As a relatively new photographer, I might not have the expansive lens knowledge of a professional photographer, nor do I have the finely attuned eye that might notice subtle differences in picture quality.
However, as this is a blog that’s aimed just as much at advising beginners as it is at conversing with more seasoned photographers, I felt that sharing my views on this might help others looking to move away from kit lenses, and the like, to something a little more refined.
So here we go. My review of the Nikon 50mm Series Elens.
Price and Availability
You can pick up one of these Series E lenses for between £70-£150, depending on age and condition etc. I got mine for around £75 and was pretty lucky with the condition.
They tend to be quite widely available as their build quality ensured they stood the test of time. As with many Nikon products, they didn’t cut any corners here.
Ease of Use
The Series E 50mm is a small lens. It’s not quite pancake but smaller that many 50mm lenses I’ve seen or used previously. This makes it a great lens to stick on when you’re doing a spot of street photography, as you don’t have to lug a lens twice the weight of your camera around with you.
The focus ring is right at the front (where it would be in my opinion, as it encourages you to use of the ends of your fingers, which find the focusing sweet-spot more accurately). The aperture ring has a reassuring click to each stop and is easy to find thanks to raised bumps around its circumference.
There is little to go wrong here, it’s basic but properly considered with no design hang-ups that I’ve come across so far.
My other lenses that I use for film are Slightly older Japanese lenses that have extremely high build quality and are fully metal. The Series E, at first, seemed like it might be a cheaper construction compared with these contenders. However, I soon realised that the plastic construction was for weight saving purposes. The inner mechanism of the E-Series is fully metal, with only the outer shell and interactive moving pieces in plastic.This gives the lens a robust and tactile feel to it. The solidarity of the body underneath seems to upgrade the plastic outer shell into something much more trustworthy and reliable.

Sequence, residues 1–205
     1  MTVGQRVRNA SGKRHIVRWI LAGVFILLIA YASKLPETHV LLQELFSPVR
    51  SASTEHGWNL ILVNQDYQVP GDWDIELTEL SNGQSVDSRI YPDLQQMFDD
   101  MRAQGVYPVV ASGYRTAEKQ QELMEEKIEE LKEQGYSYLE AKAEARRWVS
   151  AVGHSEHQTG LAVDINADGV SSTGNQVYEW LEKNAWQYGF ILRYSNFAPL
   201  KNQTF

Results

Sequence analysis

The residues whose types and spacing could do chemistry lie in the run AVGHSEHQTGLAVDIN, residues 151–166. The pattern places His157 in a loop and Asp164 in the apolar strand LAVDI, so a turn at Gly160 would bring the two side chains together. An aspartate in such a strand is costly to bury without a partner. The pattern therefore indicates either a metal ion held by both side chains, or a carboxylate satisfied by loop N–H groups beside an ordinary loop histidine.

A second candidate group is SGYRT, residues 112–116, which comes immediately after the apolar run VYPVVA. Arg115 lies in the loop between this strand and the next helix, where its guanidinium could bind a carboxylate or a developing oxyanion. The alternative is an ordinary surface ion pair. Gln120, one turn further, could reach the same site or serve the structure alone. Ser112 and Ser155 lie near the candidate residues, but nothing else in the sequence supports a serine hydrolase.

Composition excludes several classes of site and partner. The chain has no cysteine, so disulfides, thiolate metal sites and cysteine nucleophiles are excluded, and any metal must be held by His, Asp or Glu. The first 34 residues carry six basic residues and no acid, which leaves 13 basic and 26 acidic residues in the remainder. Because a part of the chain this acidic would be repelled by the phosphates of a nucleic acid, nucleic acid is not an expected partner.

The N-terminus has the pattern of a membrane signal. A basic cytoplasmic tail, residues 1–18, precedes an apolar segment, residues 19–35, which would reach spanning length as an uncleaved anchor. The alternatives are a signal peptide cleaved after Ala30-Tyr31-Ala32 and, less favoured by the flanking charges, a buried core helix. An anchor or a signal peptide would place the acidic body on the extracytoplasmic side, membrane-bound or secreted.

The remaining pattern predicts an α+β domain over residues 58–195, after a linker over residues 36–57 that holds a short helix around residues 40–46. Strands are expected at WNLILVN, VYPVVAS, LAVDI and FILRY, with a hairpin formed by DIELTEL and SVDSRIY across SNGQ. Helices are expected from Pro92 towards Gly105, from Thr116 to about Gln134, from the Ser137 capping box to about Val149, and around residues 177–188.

This was my first time shooting with such a low aperture. The lowest aperture lens I own after the Series E bottoms out at F3.5, so shooting at F1.8 really changed how I took pictures and what I could do with low light conditions and bokeh.
As you can see in many of these images, the softer backgrounds and light bokeh are really enhanced by this lens. I also found that the actual quality of the images was slightly sharper (if a little more grainy) than some of the other lenses I’ve used.
Shooting at a wide open f1.8 also allows you to take pictures in low light conditions and not have them turn out like complete shit, as your shutter speeds get faster and your camera shake lessens.
For someone wanting to get a prime lens they can whack on their camera and rely on, the Series E really is a solid little performer. It’s a taste of professional lens capabilities in an affordable package.
I probably wouldn’t recommend spending any less than £70 on one of these as, although they are built like tanks, cheaper ones on eBay etc tend to suffer from internal dust and lens fungus.
If you’re sick of blurry images and want to dabble in a bit of bokeh business or some arty stuff, this is the lens for you. I use it mostly for street photography as it’s lightweight and reliable and doesn’t draw attention like huge 200mm stalker lenses on busy streets.